*very tender robed embrace*
    • Professor,
      thank you.

      Not for agreeing with me, but for being yourself. Because you give those tender and utterly *selfless* embraces, and remind me by doing so, of the selfless love of Our Lord.

      It's just my pride that got a scrape. I will survive. But I tell you it eased my heart to feel such compassionate gentleness.

      A very great sinner,

      Edited at 2007-12-06 04:39 am (UTC)
    • hugs to you Professor and to you koinonia..

      is there anything i can do?

  • Hmm... I can think of any number of stories where 'your characters are too girly' would be a valid criticism, rather than a mere expression of taste, but you are right that on its own it's a lot less clear and more subjective than 'you have too many run on sentences'.

    And, yes, I do have a tendency to write run on sentences myself, and get told off for it by my betas... *g*
  • I don't know the situation here, but it might make a difference if the criticism you received was solicited or not. People will offer up their opinions on just about anything and unless given guidelines, they will often range wherever those people feel like ranging at the moment, sometimes helpful, sometimes not. If you are asking for help and criticism, perhaps asking specific questions or saying what things you would like feedback on would help you the most. In general, I think criticism is hard...both to give well and to receive.

    And no...I don't think all truths need to be told. In fact, sometimes it's better if they are not.
  • With regard to truth, yes, there are times you don't tell the whole truth, particularly when it does more harm than good.

    In your father's case, being gentle won't accomplish anything better than being blunt but being blunt is hard, particularly when you're doing it for the best of all possible reasons and you receive pain in return. You hit the nail on the head - he's scared. He doesn't want to face what happens next. I can't help but think, somewhere deep inside he's horrified at what he's doing and doesn't want to be nasty and hurtful but that part is overwhelmed by the fear, right now. *hugging hard*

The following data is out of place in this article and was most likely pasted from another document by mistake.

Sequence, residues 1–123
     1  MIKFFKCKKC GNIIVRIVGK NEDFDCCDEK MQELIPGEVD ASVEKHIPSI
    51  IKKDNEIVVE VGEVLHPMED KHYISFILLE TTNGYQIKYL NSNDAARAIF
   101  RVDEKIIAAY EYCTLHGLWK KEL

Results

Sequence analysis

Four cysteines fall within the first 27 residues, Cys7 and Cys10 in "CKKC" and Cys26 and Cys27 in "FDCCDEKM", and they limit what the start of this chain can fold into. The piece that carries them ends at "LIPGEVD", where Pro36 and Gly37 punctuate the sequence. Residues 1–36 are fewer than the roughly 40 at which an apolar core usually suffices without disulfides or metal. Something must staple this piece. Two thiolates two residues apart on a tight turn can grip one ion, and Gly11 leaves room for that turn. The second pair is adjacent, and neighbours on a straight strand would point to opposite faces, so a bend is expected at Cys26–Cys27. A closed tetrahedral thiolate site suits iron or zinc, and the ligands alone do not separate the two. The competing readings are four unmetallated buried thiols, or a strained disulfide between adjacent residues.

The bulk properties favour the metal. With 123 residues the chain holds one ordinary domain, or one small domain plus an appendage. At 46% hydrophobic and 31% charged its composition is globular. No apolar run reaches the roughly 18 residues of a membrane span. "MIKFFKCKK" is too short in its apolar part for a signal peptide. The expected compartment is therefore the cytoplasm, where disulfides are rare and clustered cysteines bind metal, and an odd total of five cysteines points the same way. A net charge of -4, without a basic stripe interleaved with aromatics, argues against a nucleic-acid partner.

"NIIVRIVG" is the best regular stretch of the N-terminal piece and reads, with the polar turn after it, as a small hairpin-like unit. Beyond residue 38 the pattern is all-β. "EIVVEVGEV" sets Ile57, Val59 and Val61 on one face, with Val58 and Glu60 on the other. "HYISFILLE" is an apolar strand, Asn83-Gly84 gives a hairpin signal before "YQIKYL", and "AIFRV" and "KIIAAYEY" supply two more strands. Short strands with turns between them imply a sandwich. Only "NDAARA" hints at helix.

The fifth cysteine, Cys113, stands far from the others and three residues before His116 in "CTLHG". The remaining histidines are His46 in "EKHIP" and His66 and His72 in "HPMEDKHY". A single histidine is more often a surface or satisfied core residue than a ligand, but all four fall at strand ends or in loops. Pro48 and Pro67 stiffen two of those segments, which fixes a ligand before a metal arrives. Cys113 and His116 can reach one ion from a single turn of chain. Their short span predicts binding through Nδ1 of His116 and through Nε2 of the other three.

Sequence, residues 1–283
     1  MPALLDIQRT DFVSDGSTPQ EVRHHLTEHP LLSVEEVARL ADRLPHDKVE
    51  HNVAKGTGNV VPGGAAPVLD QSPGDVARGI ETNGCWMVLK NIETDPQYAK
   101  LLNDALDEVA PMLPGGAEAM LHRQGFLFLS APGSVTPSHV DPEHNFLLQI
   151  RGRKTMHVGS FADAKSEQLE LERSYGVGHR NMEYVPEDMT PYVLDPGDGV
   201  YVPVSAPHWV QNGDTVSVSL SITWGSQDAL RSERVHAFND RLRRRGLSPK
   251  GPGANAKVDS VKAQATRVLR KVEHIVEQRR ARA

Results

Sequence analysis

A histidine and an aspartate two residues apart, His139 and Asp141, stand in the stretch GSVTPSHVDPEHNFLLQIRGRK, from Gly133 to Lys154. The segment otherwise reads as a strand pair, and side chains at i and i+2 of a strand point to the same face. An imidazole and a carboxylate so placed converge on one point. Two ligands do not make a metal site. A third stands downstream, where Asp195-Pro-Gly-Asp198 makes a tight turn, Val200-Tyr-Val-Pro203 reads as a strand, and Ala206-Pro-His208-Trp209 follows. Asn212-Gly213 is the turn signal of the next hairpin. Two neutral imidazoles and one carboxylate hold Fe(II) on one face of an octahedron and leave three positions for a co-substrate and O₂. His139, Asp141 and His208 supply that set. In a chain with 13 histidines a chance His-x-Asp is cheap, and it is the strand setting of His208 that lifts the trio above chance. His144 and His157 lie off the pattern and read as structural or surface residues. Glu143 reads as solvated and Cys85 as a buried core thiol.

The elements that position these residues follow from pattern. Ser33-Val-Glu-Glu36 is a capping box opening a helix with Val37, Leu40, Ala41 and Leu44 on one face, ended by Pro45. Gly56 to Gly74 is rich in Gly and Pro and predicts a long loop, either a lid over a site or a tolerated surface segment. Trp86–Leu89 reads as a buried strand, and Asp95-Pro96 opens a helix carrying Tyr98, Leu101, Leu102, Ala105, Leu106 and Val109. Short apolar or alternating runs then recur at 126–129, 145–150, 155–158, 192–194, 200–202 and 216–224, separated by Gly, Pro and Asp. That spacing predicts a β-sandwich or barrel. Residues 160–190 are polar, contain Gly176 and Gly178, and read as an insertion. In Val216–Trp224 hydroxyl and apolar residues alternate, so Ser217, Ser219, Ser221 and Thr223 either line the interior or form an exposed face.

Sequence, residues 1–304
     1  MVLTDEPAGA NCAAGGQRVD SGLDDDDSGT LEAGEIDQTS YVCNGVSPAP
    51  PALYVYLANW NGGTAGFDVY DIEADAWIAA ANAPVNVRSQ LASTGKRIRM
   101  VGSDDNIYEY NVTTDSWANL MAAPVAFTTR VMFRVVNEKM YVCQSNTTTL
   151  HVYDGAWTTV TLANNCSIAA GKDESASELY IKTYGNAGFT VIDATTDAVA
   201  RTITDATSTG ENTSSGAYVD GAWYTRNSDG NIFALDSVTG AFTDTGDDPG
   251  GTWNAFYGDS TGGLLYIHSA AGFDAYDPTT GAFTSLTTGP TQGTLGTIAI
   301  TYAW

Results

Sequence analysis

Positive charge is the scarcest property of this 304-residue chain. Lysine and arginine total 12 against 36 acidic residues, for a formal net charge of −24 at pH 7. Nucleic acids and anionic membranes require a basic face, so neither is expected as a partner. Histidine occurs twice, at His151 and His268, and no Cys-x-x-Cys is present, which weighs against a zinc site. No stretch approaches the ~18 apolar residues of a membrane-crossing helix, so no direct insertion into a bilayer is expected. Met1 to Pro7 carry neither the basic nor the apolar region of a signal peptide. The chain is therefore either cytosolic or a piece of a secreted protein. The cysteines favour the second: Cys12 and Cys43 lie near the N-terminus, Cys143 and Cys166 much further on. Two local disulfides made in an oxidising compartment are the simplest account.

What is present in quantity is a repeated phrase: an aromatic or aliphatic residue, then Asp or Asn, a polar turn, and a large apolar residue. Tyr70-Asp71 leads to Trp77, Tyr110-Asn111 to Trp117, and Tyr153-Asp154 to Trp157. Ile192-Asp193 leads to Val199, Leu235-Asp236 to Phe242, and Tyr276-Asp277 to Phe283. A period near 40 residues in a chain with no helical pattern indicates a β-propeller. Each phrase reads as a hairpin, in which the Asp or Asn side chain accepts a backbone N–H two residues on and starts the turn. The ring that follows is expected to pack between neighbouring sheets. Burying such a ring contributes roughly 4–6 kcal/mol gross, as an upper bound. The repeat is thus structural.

About criticism: the thing to remember is that all criticism is personal opinion, from the New York Times Review of Books to that dude at Starbucks waxing poetic about the latest literary world darling. The book I love is going to be the book someone else loathes, all because people bring different expectations, experiences, memories, joys and sorrows to everything we do, including writing and reading.

    When it comes to your own work, the thing to ask yourself is 'does this help me improve my writing?' If it does, great! If you can't see a benefit to it, set the criticism aside. You don't need to take every critique and do something with it. If you tried to do that, your writing would be a mishmash of other's expectations and not the work that comes from your own heart and soul.

    In this particular instance I'd ask the person to be more specific, what does 'girly' mean to them and how does it detract from the writing. You can work with 'this person's actions are inconsistent with the mood of the scene'. You can't work with 'he's too girly'.